One of my favorite ‘thinkers’ and authors is Edward de Bono. He’s written a good stack of books – 62 says his website – on creative thinking. He also teaches courses around the world on direct thinking. Some of his better known books (and processes) are “lateral thinking”, which is now part of our everyday language, and the Six Thinking Hats.
One of his books that I’ve had for over a decade now is Letters to Thinkers: Further thoughts on Lateral Thinking. I was given the book by a fellow I met in Belize in 1999. He was on his way back north to Canada after traveling through South America for close to a year. An appreciator of ‘thinking’; he said the book had been great for provoking various pondering while sitting on a train, or waiting for some bus.
I think the book was one of my initial introductions to de Bono and over the years I have borrowed many of his books from various libraries.
In Letters to Thinkers de Bono talks about ‘stories and metaphor’:
Stories and metaphor are most useful for carrying lessons and principles. There is much more appeal than with a simple statement of an abstract point. A story is much easier to remember. Metaphors are not meant to be extended or worked over in detail. Once the point has been made it floats free and must be challenged as such. The metaphor is only the ‘carrying case’. Destroying the metaphor does not destroy the principle. Occasionally, there is a delight when exactly the same story can be used to illustrate the opposite principle…
A good story – no matter how amusing – never proves a point in an argument. Nevertheless a story can show a type of relationship or process which becomes a possibility. Once it has been thought a ‘thought’ cannot be unthought.
Ordinary language is rather poor at describing complex processes and relationships. It is much better at describing things. We are beginning to inject into language ‘function’ words which do manage to convey functions. Such words as ‘threshold effect’, ‘take-off point’ and ‘win-win situations’ are a step in this direction. Some people are inclined to dismiss such words as jargon – which they may sometimes be – but there is a usefulness in higher order language which allows us to deal with processes as well as things. As suggested above, once the possibility of a certain type of interaction is raised then that possibility must be considered.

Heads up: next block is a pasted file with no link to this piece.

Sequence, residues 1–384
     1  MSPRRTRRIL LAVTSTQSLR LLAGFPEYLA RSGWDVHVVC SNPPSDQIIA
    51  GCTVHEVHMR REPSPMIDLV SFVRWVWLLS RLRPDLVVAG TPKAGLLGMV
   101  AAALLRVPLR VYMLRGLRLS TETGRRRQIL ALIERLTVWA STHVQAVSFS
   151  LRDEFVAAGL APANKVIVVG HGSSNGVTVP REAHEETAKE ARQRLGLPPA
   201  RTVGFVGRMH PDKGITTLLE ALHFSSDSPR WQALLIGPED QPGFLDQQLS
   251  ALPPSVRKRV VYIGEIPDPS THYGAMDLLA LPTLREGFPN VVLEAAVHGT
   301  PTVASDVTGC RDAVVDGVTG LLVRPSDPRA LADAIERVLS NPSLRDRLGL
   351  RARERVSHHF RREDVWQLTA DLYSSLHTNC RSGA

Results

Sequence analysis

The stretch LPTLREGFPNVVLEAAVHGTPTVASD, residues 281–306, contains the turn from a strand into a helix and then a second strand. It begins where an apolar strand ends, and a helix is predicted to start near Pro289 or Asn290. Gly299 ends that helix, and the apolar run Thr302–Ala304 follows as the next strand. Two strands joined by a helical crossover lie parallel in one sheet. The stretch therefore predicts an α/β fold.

To say that ‘this is a threshold type of investment’ means that nothing might happen for quite a while; there is nothing to be seen; then – when the threshold has been exceeded – it all begins to happen. In other types of situation the same thought might be expressed with the term ‘critical mass’ (this suggests that nothing happens until there are enough interactions for an explosive effect to take place).
So there is a spectrum from words to ‘function’ words to metaphor and on to stories. What I like about stories is that the listener [or reader] can see not only the obvious meaning but also other levels of meaning.
(It should be pointed out that de Bono first published this book in 1987 – about 20 years before Malcolm Gladwell published The Tipping Point.)
He also tells this great little story about a friend of his who owns an avocado farm in California and also has two dogs. One of the dogs took a liking to eating avocado pears – especially when he wasn’t supposed to. The other dog had no interest. To teach the avocado-eating dog a lesson, the farm owner sprinkled – rather liberally – avocados with cayenne pepper. The avocado-eater noticed quickly and left a bunch of half eaten avocado pears. The other dog took an interest, and took a bite. He loved it and ate all the cayenne sprinkled avocados.
Now the farmer has two avocado eating dogs.
What are morals? asks de Bono:
1. That obvious strategies may turn out to be counter-productive.
2. That dogs, like people, are unpredictable.
3. That if you make something spicy enough at first bite you might entrain a buyer.
de Bono, for me, highlights my hope and purpose here – to tell stories that: “can show a type of relationship or process which becomes a possibility. Once it has been thought a ‘thought’ cannot be unthought.”
Exactly my point, as the time for salmon ‘management’ through the 1900s has now past. Now that we are about to see the coming to an end of the first decade of 2000 – maybe it’s time for some new stories, new metaphors, new function words, and even new words – especially in relation to wild salmon?